I managed to watch the missing part of the programme which did include a few more words from Steve Hackett on BBC’s iPlayer. This included thoughts from original guitarist Anthony Phillips and another Charterhouse alumnus, friend and former road manager Richard Macphail. There was some archival footage of the band playing at the Atomic Sunrise festival at London’s Roundhouse, the only video documentation of Genesis with Phillips and drummer John Mayhew.

Despite what appears to be some unresolved rivalry between Peter Gabriel and Tony Banks, it was good to hear Gabriel talking about the band. The film was supplemented by commentary from comedian Al Murray, New Statesman arts critic Kate Mossman, author, former actor and stand-up comedian Mark Billingham, music journalist Chris Roberts and radio DJ Angie Greaves. Mossman interviewed Peter Gabriel for the New Statesman in October last year and she added some useful insight and analysis; the others offered opinion, Murray quite happy with the later, more commercial material.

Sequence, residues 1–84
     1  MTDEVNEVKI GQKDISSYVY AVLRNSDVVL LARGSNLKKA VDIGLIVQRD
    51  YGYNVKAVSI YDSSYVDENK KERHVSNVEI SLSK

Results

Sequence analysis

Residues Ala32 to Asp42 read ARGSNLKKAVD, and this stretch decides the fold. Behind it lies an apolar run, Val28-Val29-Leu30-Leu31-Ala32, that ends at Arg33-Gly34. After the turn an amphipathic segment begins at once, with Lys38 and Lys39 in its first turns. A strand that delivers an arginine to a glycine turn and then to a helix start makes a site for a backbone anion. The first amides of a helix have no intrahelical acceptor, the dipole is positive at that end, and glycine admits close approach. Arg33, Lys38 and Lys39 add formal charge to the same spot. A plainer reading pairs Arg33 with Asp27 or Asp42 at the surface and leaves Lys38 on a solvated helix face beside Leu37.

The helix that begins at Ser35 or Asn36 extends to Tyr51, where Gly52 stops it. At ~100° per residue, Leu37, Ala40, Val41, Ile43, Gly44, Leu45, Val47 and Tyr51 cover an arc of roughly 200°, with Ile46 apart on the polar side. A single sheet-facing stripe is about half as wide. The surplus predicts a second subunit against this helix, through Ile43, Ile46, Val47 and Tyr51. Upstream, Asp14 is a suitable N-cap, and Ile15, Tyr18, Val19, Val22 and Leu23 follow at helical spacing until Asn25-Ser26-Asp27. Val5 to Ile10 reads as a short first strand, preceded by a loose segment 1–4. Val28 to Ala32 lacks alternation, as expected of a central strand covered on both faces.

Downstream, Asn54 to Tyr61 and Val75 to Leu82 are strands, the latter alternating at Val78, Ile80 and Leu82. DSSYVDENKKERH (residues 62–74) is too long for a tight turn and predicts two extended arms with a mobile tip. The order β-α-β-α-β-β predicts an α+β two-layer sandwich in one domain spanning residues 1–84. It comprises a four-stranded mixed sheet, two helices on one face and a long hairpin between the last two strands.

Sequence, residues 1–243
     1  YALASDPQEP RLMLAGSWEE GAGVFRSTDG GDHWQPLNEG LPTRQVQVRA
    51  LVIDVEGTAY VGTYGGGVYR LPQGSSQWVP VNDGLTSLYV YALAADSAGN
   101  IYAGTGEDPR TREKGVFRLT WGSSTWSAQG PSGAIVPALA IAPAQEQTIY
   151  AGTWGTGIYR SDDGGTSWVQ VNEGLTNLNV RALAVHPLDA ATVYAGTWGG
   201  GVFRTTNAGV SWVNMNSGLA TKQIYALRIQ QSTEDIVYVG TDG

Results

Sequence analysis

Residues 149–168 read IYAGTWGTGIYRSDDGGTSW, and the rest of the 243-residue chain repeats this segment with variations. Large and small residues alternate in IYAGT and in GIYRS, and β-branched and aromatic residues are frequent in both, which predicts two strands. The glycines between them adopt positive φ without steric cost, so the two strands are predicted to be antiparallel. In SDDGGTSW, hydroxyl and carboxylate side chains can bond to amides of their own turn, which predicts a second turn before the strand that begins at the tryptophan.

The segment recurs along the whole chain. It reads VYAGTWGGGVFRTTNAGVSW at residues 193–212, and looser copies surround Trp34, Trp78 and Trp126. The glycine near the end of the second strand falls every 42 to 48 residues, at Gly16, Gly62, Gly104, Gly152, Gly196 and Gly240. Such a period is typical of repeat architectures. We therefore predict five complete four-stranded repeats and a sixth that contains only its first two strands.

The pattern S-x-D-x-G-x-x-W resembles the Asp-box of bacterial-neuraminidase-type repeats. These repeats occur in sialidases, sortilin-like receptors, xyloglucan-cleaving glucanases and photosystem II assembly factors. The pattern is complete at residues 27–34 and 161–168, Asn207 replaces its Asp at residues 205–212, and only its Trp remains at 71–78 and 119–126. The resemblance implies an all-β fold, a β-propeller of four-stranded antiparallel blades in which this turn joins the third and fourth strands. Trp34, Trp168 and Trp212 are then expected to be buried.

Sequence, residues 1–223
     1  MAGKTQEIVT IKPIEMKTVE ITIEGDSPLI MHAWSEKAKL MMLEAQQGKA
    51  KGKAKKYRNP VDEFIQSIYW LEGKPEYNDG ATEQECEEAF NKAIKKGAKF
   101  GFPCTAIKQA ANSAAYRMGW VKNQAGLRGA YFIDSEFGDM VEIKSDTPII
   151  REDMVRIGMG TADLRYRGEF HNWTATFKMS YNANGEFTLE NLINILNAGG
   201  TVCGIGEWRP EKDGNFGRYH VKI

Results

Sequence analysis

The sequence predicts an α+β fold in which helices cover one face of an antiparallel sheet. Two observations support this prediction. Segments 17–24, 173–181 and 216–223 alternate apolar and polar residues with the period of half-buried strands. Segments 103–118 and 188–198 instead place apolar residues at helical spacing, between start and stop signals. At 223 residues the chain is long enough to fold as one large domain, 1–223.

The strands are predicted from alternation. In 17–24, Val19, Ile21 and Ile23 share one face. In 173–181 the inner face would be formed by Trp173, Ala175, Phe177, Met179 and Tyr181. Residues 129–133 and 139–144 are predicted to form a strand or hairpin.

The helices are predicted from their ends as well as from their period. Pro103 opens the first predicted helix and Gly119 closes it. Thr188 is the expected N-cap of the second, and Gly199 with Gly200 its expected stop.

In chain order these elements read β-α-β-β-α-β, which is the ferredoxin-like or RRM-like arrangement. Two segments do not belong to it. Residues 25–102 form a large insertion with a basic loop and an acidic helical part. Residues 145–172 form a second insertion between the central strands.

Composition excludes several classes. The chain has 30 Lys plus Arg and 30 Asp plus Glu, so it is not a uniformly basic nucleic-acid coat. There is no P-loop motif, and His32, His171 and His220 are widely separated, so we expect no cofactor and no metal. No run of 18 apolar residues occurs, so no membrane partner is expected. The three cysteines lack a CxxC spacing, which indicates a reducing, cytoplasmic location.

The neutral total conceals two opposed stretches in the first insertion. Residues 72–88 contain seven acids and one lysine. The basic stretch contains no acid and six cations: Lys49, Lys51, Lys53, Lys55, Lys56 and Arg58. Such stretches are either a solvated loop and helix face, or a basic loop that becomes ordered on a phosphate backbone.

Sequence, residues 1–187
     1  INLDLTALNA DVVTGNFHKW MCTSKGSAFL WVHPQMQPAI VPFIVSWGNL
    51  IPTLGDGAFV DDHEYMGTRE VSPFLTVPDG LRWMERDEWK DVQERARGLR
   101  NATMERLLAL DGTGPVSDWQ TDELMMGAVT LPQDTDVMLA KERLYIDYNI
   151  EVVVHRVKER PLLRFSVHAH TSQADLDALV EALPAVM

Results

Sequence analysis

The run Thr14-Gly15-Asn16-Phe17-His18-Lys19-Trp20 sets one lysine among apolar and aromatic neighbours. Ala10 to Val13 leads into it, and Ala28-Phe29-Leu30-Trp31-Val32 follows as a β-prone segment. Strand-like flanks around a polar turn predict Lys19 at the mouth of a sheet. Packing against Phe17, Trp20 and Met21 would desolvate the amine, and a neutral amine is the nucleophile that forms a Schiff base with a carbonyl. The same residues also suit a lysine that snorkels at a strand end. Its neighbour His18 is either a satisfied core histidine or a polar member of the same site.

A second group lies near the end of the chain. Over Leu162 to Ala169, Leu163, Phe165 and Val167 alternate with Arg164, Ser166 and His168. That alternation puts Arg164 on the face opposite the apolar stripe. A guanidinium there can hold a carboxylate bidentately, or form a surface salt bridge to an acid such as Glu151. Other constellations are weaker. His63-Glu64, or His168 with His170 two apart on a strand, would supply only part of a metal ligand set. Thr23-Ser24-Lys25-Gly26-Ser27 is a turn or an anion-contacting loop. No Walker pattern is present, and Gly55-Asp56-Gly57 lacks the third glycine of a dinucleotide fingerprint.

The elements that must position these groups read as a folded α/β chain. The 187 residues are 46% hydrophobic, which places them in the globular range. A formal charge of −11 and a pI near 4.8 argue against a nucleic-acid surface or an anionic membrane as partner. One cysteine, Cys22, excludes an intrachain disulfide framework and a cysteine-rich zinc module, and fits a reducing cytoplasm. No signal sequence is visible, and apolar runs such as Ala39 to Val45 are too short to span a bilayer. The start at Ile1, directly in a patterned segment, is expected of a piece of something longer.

The idea of Genesis, together and apart, was quite good but still left me feeling slightly unsatisfied. Hackett’s solo work, currently touring Genesis Revisited, was totally overlooked. I rate Voyage of the Acolyte, which features both Rutherford and Collins and easily conforms to prog form circa 1975, as good as A Trick of the Tail and better than Wind and Wuthering and all that came after. He’s the only one of the band that seems to regard their early 70s material as music that continues to deserve an airing, something that would have been worthwhile for the documentary to highlight.


By ProgBlog, Sep 25 2014 07:12PM

I’ve just had a birthday and was fortunate to receive a remarkable number of prog-related presents in the form of CDs, DVD and Books.